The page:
Editorial: The ABA Should Not Amend Model Rule 1.8(e)

The American Bar Association is contemplating an amendment to Model Rule of Professional Conduct 1.8(e), which today forbids lawyers to “provide financial assistance to a client in connection with pending or contemplated litigation,” with exceptions for advancing “court costs and expenses of litigation” and, in the case of indigent clients, paying “court costs and expenses of litigation” outright. The amendment would make a third exception, in cases where the client is indigent and the lawyer is working pro bono or “through a nonprofit legal services or public interest organization” or a “law school clinical or pro bono program.” Under the new exception, the lawyer “may provide modest gifts to the client for food, rent, transportation, medicine and other basic living expenses if financial hardship would otherwise prevent the client from instituting or maintaining the proceedings or from withstanding delays that put substantial pressure on the client to settle.” The lawyer may provide such assistance “even if the representation is eligible for fees under a fee-shifting statute.”

I have had the unhappy experience of learning, midway through a major cross-border litigation, that counsel for the plaintiffs were paying the living expenses and other expenses of their extremely poor clients in a mass tort case in circumstances that, in my view at least, gravely threatened the integrity of the proceedings. It felt like a punch to the gut. I’m not going to write about the facts of the case, but if you want to read some eye-opening, publicly-filed papers that illustrate the problem, take a look at these—you will not be disappointed:

  1. My motion for relief
  2. Plaintiffs’ opposition
  3. My reply brief
  4. Transcript of hearing

You may say that the danger of corruption that can occur in ordinary contingent fee litigation won’t occur in the cases within the exception to the rule, because it only applies to pro bono work. But the exception for cases where attorneys’ fees can be awarded makes that argument untenable, and in any event the argument underestimates the importance lawyers’ non-monetary motivations and the way in which money can corrupt the testimony of clients in service of the lawyer’s interest in, for example, advancing a particular legal theory, whether or not the lawyer is being paid.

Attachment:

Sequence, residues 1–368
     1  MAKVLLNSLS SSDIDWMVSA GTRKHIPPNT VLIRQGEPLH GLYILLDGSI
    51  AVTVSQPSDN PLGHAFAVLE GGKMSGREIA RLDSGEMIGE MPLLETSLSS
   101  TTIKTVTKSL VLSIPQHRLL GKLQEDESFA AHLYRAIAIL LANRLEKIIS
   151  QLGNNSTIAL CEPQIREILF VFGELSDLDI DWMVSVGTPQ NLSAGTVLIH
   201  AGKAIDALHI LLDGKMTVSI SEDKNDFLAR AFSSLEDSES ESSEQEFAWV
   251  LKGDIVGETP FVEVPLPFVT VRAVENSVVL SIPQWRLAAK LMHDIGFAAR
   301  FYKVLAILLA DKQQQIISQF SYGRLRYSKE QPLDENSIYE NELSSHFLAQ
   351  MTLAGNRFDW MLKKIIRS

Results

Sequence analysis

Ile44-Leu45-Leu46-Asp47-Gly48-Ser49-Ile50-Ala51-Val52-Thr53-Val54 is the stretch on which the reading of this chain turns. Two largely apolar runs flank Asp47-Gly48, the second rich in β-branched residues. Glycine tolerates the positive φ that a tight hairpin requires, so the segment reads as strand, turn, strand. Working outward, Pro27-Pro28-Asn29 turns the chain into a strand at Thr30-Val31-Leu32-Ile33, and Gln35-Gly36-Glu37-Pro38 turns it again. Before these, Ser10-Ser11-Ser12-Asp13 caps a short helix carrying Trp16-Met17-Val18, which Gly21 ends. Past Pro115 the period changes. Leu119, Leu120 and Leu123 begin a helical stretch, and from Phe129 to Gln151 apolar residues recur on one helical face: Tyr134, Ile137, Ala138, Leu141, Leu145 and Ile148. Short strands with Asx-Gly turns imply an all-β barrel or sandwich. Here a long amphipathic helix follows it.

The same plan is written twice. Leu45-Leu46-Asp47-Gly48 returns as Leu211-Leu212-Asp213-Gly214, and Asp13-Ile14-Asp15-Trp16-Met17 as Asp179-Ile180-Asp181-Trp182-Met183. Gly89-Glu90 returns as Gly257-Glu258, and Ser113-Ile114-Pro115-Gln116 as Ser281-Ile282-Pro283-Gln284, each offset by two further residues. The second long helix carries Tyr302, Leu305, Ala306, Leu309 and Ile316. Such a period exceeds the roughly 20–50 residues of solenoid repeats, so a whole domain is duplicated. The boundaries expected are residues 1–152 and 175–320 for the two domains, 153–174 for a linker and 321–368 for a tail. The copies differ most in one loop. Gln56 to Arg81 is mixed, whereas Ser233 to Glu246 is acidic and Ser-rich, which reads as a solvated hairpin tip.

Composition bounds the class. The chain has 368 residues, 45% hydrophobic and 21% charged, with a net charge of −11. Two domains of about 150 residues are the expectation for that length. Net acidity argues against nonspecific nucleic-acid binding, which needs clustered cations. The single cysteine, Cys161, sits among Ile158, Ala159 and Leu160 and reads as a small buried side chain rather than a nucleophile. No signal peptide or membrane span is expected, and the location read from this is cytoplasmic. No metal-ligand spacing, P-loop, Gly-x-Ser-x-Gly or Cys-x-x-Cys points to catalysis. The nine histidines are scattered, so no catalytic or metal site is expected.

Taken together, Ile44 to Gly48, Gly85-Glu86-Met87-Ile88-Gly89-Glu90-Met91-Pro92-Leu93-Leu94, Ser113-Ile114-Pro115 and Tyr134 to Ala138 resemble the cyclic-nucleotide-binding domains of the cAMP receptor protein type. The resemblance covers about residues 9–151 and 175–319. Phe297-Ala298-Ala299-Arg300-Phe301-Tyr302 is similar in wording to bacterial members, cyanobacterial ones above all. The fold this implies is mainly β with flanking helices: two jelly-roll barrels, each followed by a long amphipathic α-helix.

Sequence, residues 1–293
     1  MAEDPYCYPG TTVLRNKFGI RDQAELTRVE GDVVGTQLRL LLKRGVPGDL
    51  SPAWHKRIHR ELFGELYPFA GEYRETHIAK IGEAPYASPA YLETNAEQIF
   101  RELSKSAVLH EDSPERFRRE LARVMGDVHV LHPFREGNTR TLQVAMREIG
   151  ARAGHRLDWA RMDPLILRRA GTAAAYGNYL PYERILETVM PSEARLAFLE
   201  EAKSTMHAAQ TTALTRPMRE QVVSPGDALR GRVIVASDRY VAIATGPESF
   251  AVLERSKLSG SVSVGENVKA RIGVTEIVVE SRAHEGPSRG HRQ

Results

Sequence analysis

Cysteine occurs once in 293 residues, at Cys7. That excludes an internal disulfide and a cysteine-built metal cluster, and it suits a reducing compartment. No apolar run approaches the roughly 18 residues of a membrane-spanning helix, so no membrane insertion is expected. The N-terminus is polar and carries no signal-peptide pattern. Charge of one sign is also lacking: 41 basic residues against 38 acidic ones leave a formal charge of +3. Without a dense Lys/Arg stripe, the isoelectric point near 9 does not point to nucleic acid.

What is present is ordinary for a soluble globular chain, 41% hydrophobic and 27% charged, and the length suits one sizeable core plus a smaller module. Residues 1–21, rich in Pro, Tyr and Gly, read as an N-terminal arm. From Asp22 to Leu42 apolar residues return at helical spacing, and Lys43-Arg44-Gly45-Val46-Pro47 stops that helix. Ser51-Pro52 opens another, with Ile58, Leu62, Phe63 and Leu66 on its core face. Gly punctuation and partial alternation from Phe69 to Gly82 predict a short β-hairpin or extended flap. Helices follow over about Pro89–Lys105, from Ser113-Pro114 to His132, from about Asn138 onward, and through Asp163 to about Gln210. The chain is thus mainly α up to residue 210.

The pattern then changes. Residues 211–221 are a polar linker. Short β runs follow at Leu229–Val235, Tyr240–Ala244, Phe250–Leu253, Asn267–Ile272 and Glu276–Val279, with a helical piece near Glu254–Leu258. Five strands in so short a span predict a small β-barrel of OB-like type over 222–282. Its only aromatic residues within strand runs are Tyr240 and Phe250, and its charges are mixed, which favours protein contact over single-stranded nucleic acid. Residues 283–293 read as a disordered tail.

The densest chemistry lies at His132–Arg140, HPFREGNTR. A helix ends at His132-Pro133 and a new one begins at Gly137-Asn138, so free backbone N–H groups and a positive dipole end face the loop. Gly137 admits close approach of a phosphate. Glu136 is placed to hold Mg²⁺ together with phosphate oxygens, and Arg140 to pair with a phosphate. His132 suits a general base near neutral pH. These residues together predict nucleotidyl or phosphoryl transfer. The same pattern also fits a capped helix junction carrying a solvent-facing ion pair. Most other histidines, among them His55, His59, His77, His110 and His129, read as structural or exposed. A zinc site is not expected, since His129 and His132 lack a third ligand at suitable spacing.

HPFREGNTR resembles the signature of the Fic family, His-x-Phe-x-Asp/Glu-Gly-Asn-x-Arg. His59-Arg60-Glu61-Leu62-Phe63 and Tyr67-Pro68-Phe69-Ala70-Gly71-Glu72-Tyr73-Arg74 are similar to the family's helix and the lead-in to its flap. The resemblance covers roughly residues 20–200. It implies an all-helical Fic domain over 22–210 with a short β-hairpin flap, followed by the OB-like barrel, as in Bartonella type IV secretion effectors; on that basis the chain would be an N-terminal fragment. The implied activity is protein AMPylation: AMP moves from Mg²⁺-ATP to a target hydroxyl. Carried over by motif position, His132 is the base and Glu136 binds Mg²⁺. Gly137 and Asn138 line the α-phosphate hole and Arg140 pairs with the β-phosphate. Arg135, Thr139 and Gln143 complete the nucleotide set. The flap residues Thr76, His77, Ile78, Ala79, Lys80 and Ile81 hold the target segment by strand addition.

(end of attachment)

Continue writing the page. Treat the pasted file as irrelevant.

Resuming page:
In short, I think this amendment would be a big mistake, and that if it is adopted, states should nevertheless adhere to the traditional rule.

4 thoughts on “Editorial: The ABA Should Not Amend Model Rule 1.8(e)”

    1. I do oppose it for all programs. The problems are the same both on the lawyer’s side and on the client’s side. On the client’s side, the risk is that the client will feel he or she is being paid to say things that will improve the chances of the case succeeding. That was very clear in the case I gave in my example, which was of course an extreme case, but I think the same dynamic would be at work here, though less starkly. On the lawyer’s side, the lawyer or law school may not be motivated by money (except of course in fee shifting cases—do you think law school clinics should be able to give gifts to client in those cases?), but clinics have agendas and the lawyers’ and students’ incentives can be distorted by the desire to carry out the agenda in the same way as a private practice lawyer’s incentives can be distorted. This isn’t a criticism of law school clinics—I’m a proud alumnus of one and think they often do great work.

  1. Antonio Di Stefano

    I advanced some living expenses in a case I handled in low-bono, to a mother abandoned in a foreign country with two infants, because I knew she survived mainly on charity of the local population. Never perceived any problem with it. The arrangement was she would paying me back when she got distribution of property back in the US. I checked and confirmed that such assistance is legal under California law, where I am licensed. But it is not allowed under Oklahoma law where her divorce and her property are located. Civil litigation in most states has become so expensive that even the salaried middle class can hardly afford it. Rules that categorically forbid assistance only help ensure that the indigent and the unfortunate are denied any resources to protect their rights. And they most certainly won’t be able to do that if they must struggle to even stay alive.

    1. Thanks for the comment, Antonio! The proposed rule change only addresses pro bono representation, so I don’t think that it does anything really to solve the problem of access to justice, which, as you say, is indeed a big problem. The clients the rule change is meant to help already have a free lawyer. The question is whether paying their rent, say, goes too far in encouraging claims that would not otherwise be brought.

Leave a Comment

Your email address will not be published. Required fields are marked *